Can Parents Ameliorate the College Completion Crisis?

By Catherine Groux
Posted August 30, 2012 06:00 PM

A new app helps parents foster collegiate success in their children.
A new app helps parents foster collegiate success in their children.
Today, only 56% of students who enroll at four-year colleges earn a bachelor's degree within six years, the College Board reports. Among those who enroll at two-year schools, 28% complete an associate's degree within three years. For first-generation and minority students, these figures are even lower. As the nation struggles to compete with other countries when it comes to higher education, college completion is holding it back from meeting its goals.

While policymakers and individual schools are striving to improve college completion rates, a team of education professionals in Washington, D.C. is doing its part with a new app called csMentor, Inside Higher Ed reports. The paid, commercial version of the recently launched app strives to improve communication between parents and students with the hope that this relationship will encourage students to push through college.

Using this subscriber service, students receive "Mentoring Interactive Programs," (MIPs) through the internet or a mobile device. These MIPs involve a short video message containing tips and tricks from a mentor, as well as a check-in with a short series of questions.

Once students answer these questions, the application uses their responses to create a weekly report that is sent to both degree seekers and their parents. Although students' actual responses are kept private from their parents, the reports can show adults if their children are facing social or academic problems, giving them the chance to intervene before the issue escalates.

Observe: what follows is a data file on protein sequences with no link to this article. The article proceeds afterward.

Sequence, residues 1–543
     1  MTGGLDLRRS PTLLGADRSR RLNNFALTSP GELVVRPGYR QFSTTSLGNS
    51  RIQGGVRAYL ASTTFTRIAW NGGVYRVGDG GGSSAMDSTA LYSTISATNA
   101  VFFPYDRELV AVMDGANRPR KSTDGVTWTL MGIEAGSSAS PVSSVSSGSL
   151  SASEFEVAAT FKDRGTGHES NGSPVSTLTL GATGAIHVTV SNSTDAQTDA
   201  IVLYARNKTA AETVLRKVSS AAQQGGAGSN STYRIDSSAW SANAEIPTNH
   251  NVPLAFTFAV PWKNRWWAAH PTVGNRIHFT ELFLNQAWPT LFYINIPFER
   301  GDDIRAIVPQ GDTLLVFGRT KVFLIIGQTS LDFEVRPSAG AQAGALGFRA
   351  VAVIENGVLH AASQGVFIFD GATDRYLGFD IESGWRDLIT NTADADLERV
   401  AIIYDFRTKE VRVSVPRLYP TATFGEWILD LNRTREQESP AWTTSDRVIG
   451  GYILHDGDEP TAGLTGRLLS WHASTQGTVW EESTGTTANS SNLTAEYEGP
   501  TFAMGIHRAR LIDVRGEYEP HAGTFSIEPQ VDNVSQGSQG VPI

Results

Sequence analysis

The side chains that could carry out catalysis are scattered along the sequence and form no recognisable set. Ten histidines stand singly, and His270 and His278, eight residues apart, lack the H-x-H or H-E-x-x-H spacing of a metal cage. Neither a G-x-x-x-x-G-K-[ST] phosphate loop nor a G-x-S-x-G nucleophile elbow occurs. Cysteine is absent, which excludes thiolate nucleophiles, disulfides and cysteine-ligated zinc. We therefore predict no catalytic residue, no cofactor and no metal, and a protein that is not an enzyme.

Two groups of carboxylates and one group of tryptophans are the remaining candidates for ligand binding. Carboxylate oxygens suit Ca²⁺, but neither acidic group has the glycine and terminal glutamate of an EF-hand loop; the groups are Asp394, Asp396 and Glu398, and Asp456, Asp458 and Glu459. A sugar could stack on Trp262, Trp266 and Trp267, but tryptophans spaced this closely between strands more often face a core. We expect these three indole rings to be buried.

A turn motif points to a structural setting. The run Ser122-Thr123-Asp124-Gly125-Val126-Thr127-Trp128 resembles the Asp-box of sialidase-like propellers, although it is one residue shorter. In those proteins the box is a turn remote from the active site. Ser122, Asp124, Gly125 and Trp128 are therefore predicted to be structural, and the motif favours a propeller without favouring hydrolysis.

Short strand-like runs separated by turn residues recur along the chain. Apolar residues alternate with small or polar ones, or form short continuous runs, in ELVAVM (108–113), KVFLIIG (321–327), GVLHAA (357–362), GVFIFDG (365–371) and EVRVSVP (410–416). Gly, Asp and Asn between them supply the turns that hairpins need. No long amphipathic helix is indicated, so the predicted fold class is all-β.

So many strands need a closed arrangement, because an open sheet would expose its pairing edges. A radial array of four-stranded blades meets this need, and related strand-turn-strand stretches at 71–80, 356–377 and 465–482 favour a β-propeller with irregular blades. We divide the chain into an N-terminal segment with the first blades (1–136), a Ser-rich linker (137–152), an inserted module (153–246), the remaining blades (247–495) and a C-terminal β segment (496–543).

This fall, the team will test the app's effectiveness through a pilot program with support from The College Success Foundation - District of Columbia (CSF - DC) and funding from the Bill and Melinda Gates Foundation, according to a press release. During the pilot, 250 students in Washington, D.C. will receive MIPs and weekly reports, the results of which will only be shared with them and CSF mentoring staff for the purpose of the study.

"Making the leap from high school to a successful first year of college is a particular challenge for the underserved students we work with," said Herbert R. Tillery, the executive director of CSF - DC. "We are excited to test a new technology-based tool that allows us to consistently monitor our students' academic and social adjustment to campus. That data will help us pinpoint students who may be struggling and allow us to intervene at an early stage."

While CsMentor believes their service can help parents enhance the college conversations they have with their children, some feel students simply need to learn to succeed on their own. Marjorie Savage, parent program director at the University of Minnesota, told Inside Higher Ed that parents perhaps should not be so involved in the early stages of their children's problems.

"It feels to me like it's going further than what a typical college student should need," she said. "For parents to be monitoring that closely is going beyond what's desirable."

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